26 May INFLATIONARY EXPECTATIONS AND BITCOIN
As noted many times inflation is a two-part phenomenon…too much money chasing to few goods fearing higher prices tomorrow. It is monetary and psychological.
The Federal Reserve Bank of New York is projecting the Federal Reserve’s holdings of bonds and cash could reach $9 trillion by 2023. This compares with the current level of $7.9 trillion and just over $4 trillion at the end of February 2020. This amount is unfathomable and based upon Economics 101 is extremely inflationary.
It is widely accepted that if monetary velocity or the turn over of money accelerates to 50% of its norm, inflation would be close to double digits. As noted many times, the annual growth in money supply or M-2 is surging a record 27%, approximately 13x higher than the stated inflation rate. Historically there is a close correlation between M-2 growth and inflation.
Based on the above, the first element of inflation is present. The economy is awash with liquidity.
The second element is psychological…fearing higher prices tomorrow…aka inflationary expectations. May’s consumer confidence missed forecasted levels, primarily the result of rising inflationary expectations.
The data validates the University of Michigan’s statistics that consumers are expecting inflation to rise. This survey states consumers expects a 6.5% inflation rate in the next 12 months, considerably higher than the 4.6% rate anticipated in the University of Michigan survey. These expectations [and readings] are the highest in over a decade.
As widely discussed the Fed is adamant that inflationary pressures are only transitory. I rhetorically ask what will change in the next 12 months…the monetary component or the psychological component?
Changing topics, the volatility in Bitcoin is incredible. Bitcoin is still on the financial fringes. What is not on the fringe is the massive use of energy the mining of bitcoin requires. The current power demand for the cryptocurrencies is now greater than the power demand for many countries according to Bloomberg.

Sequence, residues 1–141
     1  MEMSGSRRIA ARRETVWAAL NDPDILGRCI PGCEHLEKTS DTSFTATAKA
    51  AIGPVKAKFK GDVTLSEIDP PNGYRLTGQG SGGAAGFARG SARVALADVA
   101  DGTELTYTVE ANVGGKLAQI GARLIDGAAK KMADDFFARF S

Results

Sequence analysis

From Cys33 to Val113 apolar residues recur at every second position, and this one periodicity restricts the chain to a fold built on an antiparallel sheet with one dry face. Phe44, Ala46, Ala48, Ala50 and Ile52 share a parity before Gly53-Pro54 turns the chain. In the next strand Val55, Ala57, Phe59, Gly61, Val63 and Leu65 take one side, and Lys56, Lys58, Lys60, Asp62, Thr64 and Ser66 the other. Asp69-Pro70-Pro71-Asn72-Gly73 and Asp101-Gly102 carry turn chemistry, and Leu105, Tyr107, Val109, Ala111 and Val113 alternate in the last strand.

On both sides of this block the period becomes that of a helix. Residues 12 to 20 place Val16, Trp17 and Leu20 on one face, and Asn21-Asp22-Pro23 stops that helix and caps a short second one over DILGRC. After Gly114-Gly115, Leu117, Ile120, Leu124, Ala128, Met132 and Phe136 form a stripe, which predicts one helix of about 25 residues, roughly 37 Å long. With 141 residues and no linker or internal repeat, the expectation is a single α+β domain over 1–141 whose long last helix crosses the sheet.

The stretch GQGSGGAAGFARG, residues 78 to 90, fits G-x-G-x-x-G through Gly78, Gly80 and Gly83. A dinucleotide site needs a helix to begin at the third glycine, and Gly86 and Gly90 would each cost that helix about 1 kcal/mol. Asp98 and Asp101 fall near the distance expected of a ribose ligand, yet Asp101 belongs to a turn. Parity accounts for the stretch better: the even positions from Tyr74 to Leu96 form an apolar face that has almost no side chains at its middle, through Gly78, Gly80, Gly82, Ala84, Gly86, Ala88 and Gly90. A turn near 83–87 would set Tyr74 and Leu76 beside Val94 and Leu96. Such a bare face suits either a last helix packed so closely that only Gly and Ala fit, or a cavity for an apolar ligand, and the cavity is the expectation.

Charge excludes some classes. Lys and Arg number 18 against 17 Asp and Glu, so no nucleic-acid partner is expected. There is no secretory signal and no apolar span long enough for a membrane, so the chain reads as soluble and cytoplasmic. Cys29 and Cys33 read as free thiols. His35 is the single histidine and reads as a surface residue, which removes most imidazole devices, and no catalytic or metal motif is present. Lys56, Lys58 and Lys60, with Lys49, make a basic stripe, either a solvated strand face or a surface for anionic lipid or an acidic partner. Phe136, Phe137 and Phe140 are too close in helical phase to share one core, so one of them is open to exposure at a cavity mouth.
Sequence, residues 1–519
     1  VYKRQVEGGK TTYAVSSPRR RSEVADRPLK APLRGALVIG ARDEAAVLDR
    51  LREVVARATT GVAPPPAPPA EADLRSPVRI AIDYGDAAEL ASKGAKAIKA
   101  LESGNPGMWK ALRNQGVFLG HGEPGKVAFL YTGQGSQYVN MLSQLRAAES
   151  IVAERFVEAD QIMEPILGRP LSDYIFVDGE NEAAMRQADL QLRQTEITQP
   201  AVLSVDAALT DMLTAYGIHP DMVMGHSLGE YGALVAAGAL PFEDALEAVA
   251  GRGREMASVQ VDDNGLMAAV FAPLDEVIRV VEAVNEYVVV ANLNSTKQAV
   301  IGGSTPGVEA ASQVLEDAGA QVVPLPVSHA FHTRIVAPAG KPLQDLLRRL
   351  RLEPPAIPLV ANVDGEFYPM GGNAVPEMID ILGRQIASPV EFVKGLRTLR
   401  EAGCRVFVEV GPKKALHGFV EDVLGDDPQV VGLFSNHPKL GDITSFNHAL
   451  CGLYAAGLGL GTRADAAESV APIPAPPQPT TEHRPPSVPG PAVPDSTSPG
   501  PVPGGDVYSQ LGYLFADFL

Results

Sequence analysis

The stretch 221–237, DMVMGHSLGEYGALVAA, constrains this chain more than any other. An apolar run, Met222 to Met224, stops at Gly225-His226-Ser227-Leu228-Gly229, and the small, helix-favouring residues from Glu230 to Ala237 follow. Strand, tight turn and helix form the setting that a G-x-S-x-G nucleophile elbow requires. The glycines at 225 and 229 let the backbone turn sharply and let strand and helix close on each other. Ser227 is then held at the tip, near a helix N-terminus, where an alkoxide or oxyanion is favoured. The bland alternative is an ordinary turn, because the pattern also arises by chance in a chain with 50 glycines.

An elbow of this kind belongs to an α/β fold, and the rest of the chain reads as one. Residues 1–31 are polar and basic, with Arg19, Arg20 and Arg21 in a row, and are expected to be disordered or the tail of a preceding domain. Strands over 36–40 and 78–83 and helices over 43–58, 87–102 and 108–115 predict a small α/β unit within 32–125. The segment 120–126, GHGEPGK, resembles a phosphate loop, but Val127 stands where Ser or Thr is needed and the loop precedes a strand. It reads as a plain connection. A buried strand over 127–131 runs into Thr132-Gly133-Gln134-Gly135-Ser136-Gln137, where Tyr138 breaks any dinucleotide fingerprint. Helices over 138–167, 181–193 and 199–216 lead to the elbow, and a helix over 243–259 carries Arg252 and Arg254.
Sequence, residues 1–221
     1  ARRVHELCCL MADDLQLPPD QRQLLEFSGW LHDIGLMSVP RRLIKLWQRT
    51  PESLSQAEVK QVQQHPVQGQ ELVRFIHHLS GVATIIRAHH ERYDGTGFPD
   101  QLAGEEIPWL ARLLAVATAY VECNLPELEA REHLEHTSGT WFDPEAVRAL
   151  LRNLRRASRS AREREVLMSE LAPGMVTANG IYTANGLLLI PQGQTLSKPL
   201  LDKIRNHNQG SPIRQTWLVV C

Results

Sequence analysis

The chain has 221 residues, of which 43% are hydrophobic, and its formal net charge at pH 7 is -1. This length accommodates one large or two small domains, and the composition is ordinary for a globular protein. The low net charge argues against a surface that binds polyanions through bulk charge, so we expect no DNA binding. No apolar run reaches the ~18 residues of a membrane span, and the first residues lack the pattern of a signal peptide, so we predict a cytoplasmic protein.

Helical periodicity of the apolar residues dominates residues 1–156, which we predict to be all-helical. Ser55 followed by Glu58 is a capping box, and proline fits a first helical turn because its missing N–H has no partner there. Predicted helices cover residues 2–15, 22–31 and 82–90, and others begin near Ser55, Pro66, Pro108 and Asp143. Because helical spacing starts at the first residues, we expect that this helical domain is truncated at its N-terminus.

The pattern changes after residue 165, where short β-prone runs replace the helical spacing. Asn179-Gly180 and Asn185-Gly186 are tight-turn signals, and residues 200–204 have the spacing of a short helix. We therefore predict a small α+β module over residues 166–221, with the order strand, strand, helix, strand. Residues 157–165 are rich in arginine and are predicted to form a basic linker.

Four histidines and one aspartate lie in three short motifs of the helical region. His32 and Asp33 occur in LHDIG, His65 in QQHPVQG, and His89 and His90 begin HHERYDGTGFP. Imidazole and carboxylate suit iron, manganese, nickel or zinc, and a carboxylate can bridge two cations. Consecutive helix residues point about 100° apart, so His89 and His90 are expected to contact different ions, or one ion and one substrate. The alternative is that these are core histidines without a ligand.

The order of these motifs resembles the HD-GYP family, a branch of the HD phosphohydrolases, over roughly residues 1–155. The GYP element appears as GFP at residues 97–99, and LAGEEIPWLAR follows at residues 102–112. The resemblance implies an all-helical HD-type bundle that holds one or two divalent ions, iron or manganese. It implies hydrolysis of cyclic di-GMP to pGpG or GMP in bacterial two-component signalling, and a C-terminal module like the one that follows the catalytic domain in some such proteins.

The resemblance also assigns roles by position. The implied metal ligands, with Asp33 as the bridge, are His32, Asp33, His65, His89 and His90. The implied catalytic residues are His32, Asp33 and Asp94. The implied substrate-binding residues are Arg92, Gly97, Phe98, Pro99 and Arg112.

As noted the other day, the increased demand for cryptocurrencies is forcing utilities to ask state governments permission to reopen shuttered coal fired plants to meet electric demand. The reopening’s is riddled with political risks.
Bloomberg cites one 2020 study indicating for each $1 of Bitcoin value created such was responsible for $0.49 in health and climate damages in the US and $0.37 in China.
This shatters the virtuous narrative of a decentralized currency that promises future utopia while delivering present dystopia.
The above costs do not include the losses associated with malicious activity, activity that includes tax evasion and cybercrimes. Bloomberg states the cost of cybercrime exceeded $1 trillion in 2020 and could potentially double in the next 18 months if there is greater acceptance of cryptocurrencies for economic purposes.
Regarding tax evasion, I am not aware of any estimates but such is the now a focus of the US Treasury.
The emerging cryptocurrency narrative is adding to inflationary expectations via the increased demand [and cost] for power, potential climate and health costs, greater financial crimes and increased tax evasion.
Commenting on yesterday’s market activity, equities reversed gains following comments from the Fed that it may be able to begin discussing the appropriate timing of scaling back its bond buying program “at upcoming meetings.”
Wow! Just the mention of possible tapering caused a sudden reversal. I rhetorically ask what will happen when the eventuality occurs? Will prices already be discounted?
What will happen today?
Last night the foreign markets were mixed. London was down 0.24%, Paris up 0.10% and Frankfurt down 0.08%. China was up 0.35%, Japan up 0.31% and Hang Seng up 0.88%.
The Dow should open flat. The 10-year is off 1/32 to yield 1.57%.